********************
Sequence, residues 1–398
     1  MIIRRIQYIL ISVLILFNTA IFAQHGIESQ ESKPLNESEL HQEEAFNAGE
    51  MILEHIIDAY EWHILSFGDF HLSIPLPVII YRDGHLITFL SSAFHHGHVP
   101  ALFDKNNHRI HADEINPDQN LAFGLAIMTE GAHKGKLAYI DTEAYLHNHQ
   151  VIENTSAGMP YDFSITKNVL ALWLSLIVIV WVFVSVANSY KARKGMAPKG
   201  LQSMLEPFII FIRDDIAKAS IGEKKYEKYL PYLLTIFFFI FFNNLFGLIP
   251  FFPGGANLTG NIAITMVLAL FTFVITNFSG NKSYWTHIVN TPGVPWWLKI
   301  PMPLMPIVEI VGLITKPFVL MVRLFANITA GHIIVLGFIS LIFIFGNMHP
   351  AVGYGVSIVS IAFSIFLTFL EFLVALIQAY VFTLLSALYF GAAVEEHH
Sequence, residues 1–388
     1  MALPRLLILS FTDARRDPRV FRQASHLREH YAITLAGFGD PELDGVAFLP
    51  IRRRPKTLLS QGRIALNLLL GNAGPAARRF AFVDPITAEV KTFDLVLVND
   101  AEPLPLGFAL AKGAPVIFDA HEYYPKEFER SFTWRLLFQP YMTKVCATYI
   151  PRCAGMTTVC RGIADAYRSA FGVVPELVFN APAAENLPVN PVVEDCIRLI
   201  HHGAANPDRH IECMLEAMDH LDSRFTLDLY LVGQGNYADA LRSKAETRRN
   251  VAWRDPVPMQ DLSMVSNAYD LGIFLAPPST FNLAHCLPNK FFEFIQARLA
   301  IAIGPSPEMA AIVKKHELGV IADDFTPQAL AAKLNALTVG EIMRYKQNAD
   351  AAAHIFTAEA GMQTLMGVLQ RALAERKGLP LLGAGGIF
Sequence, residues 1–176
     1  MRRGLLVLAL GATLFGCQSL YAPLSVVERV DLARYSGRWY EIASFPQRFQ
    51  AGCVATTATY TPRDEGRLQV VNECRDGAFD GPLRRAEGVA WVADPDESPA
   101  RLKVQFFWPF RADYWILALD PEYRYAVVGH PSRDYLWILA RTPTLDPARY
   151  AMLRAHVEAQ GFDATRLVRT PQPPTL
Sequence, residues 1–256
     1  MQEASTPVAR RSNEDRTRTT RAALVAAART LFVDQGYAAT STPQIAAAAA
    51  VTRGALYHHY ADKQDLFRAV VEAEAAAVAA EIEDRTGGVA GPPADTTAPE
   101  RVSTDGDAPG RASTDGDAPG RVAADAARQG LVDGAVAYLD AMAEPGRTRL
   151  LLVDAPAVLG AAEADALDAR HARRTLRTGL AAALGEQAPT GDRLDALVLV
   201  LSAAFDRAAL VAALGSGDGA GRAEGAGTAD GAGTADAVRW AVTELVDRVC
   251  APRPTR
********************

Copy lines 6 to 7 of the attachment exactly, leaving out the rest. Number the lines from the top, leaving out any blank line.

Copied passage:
   201  LQSMLEPFII FIRDDIAKAS IGEKKYEKYL PYLLTIFFFI FFNNLFGLIP
   251  FFPGGANLTG NIAITMVLAL FTFVITNFSG NKSYWTHIVN TPGVPWWLKI